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Ducati 860

Our bikes - 1975 Ducati 860 GT

Ducati 860

Fire me up

(by Guy ‘Guido’ Allen, Apr 2021)

 

The old Ducati looks great, but age has caught up with the ignition system

Yep, we've added a Ducati to the shed. It's an 860 GT, October 1974 build for the 1975 model year. This was to follow on from the success of the more elegant 750 Sport and, thanks in part to the radical and oh-so-seventies styling by the legendary Giorgetto Giugiaro, it hit the proverbial brick wall in the showroom.

A hasty redesign was organised (essentially softening the harsh angular lines) and Ducati two years later launched the Darmah series as an alternative.

While the the lines may have offended some back in the day, they seem less hard on the eye now. If you've been watching the classic motorcycle and car markets, you will probably have noticed that seventies toys are hot at the moment.

This example came from old mate Ian Falloon, a well-known motorcycle author and whose idea of acceptable motorcycle presentation is something dead original and clean enough to perform surgery on. It's the second bike I've relieved him of – the first was a MkIII Norton Commando.

So much for the background. The Ducati turned up looking immaculate and running, but there was a hint all wasn't well in the Italian section of the shed.

These things run very early Ducati Electronica solid state ignition, which were okay in the day, but had a reputation for two issues: One was they could be a bit of a cow to start; The other was the ignition curve made a massive 20 degree jump in its advance at 1200rpm. The latter was suspected of making life unnecessarily hard on other components of the engine, including the bottom end.

A check-over raised the suspicion the spark being delivered wasn't all it could be, particularly on the rear cylinder. This bike had been restored to as-new, which means all the factory components and their foibles. Given it was heading towards 50 years old, you could forgive the now well and truly outdated ignition system for becoming tired and emotional.

We decided to bite the bullet and replace, while putting the original bits aside for any future owner who absolutely had to have factory-correct.

There are choices out there for bevel Ducati replacment ignition systems, and on Ian's advice I went for Elektronik Sachse – a German make. Cruising owner sites, it seems to have a solid reputation, while offering a choice of several ignition curves.

While the kit provided the engine trigger hardware and control unit, it also required updated ignition coils and leads. The cost for that lot was Au$650 (US$500, GB£355) shipped to Australia for the Sachse kit, plus another Au$130 for the coils and leads from Trispark in Australia. A substantial cost, but rather that than start each ride wondering whether the heart-attack will arrive before I've finally succeeded in kick-starting the thing!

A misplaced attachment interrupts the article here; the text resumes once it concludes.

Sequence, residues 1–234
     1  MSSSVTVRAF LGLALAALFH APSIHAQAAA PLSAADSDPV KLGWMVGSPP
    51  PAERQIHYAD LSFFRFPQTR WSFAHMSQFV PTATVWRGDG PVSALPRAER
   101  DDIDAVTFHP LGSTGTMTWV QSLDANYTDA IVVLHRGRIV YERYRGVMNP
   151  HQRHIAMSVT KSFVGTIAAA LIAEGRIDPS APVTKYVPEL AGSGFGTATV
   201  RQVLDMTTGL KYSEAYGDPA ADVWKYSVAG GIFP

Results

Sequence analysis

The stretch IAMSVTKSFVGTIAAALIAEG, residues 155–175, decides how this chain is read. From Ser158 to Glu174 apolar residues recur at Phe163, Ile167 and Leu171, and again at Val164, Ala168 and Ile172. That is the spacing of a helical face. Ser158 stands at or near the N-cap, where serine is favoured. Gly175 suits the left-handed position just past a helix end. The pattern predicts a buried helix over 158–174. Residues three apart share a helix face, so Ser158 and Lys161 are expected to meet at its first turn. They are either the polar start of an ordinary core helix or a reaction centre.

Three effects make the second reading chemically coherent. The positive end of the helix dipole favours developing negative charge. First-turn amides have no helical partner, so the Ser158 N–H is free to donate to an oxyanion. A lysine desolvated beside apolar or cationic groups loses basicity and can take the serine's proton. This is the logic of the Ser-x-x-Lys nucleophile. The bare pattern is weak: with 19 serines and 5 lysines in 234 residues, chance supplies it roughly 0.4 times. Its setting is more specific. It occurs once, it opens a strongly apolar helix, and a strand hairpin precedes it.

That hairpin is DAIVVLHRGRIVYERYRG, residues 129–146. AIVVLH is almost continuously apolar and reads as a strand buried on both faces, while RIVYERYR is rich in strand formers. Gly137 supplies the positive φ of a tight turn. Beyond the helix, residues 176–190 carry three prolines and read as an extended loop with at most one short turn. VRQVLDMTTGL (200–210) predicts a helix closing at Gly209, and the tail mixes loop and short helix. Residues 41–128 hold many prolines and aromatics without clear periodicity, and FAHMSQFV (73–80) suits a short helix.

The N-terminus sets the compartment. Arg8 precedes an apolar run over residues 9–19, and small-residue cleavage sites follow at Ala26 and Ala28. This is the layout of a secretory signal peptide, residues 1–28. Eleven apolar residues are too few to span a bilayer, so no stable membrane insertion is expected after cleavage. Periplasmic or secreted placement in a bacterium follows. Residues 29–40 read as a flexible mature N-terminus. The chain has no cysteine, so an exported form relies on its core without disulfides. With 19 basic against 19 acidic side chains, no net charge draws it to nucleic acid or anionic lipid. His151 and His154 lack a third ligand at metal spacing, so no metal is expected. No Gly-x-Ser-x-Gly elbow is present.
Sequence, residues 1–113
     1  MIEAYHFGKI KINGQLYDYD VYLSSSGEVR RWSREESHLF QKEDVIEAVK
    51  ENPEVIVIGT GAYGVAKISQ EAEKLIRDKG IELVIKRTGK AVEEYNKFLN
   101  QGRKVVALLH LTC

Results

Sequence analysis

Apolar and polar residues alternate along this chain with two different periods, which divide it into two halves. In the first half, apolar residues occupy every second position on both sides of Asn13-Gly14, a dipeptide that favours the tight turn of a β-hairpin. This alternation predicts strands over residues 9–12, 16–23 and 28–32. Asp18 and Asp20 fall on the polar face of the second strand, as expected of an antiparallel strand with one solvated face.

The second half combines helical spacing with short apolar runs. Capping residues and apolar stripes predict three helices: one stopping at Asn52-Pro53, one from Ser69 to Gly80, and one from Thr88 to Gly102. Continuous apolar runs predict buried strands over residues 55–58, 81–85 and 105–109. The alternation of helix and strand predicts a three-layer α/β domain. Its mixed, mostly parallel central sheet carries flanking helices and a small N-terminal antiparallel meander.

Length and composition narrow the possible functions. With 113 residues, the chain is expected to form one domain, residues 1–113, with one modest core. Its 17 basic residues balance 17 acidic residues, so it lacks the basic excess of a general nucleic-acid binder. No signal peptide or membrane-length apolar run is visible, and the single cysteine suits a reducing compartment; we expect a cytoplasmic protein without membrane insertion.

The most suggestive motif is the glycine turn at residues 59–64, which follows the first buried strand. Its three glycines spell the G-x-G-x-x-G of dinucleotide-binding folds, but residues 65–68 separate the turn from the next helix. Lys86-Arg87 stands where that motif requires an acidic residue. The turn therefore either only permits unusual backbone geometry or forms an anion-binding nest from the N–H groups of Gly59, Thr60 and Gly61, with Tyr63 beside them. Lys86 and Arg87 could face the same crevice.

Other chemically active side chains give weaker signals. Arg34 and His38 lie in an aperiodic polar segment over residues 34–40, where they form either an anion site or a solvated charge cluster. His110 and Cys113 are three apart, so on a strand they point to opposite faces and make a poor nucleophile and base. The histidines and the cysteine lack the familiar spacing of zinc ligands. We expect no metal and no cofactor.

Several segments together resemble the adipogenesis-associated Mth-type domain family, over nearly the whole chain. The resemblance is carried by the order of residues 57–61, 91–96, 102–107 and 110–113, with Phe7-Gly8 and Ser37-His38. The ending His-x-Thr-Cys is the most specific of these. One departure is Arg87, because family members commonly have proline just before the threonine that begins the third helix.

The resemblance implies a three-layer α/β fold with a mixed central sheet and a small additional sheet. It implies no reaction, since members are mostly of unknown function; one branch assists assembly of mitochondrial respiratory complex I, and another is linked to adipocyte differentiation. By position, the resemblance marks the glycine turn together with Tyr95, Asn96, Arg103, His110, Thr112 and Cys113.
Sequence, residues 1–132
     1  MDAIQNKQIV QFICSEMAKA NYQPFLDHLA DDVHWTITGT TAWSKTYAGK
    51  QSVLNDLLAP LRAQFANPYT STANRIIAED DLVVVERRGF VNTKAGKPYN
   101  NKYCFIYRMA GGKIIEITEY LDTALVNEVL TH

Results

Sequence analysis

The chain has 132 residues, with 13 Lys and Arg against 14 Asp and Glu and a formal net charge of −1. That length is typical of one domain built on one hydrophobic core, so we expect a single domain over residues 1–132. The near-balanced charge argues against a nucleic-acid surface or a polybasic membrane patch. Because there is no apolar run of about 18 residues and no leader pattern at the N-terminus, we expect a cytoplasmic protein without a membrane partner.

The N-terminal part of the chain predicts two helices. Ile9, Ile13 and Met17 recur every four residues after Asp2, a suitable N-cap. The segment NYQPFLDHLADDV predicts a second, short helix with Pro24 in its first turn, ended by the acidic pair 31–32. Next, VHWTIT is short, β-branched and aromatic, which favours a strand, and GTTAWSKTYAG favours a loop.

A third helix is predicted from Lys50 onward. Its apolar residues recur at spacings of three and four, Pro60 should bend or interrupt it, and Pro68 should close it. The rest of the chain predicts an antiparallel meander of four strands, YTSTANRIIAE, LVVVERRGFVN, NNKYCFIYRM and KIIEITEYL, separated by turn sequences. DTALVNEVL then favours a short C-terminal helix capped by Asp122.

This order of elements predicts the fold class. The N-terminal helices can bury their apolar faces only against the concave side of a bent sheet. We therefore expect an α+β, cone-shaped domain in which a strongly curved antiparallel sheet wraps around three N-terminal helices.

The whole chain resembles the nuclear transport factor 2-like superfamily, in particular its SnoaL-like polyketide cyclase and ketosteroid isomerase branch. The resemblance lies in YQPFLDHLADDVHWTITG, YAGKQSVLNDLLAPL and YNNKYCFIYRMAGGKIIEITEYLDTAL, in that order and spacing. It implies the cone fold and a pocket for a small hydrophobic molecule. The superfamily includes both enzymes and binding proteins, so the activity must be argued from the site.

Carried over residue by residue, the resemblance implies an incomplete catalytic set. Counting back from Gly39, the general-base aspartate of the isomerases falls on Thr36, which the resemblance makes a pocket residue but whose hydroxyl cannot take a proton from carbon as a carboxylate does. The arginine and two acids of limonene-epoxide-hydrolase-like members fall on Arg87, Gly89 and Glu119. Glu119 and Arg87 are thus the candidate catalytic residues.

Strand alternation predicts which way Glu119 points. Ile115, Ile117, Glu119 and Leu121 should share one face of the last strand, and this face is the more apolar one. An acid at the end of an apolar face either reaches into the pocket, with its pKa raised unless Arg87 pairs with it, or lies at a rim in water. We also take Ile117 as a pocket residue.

A quick read of the installation instructions made it a pretty easy decision to hand over the job to someone else. From where I was sitting, there were two potential issues: getting the timing wheel in and out (see the pics to understand why) and ensuring the new unit was properly 'embedded' with the existing electrical system.

A chap called Peter Shearman of Dukelectrix did the honours. He's located a little way out of Melbourne and had already worked on the 860, cleaning up the wiring loom and getting it fully-functional. As part of this job, he upgraded the ignition circuit to something a little more robust.

Here's a visual run-down of the job...

Ducati 860

Complete Sachse kit

Ducati 860

Left-side engine cover is removed to expose the clutch and ignition trigger.

Ducati 860

Removing the trigger wheel required a puller.

Ducati 860

Original pick-up plate exposed.

Ducati 860

New pick-up plate in place.

Ducati 860

Old trigger wheel and drive gear.

Ducati 860

Separating the old trigger wheel and drive gear was a surprisingly big job, as someone had previously been over-enthusiastic with the Loctite.

Ducati 860

New trigger wheel is attached to the drive gear by just three screws.

Ducati 860

New trigger wheel in place.

Ducati 860

Peter made up a couple of brackets, including this one to hold the new coils.

Ducati 860

The coils tucked away in their new home.

Ducati 860

The old ignition system has been packed away.

Ducati 860

The Sachse system offers several ignition curve options. We've gone middle of the road at number four.

Ducati 860

And the result? There's no question it's now a much easier proposition to start. That was aided significantly by Peter finding and clearing a blocked idle jet on the rear carburettor.

At this stage we're looking at easier starting and presumably a more reliable ride. That will do.

Next up is we're going to tackle a couple of minor leaks as part of the shake-down process – watch this space.

Ducati 860

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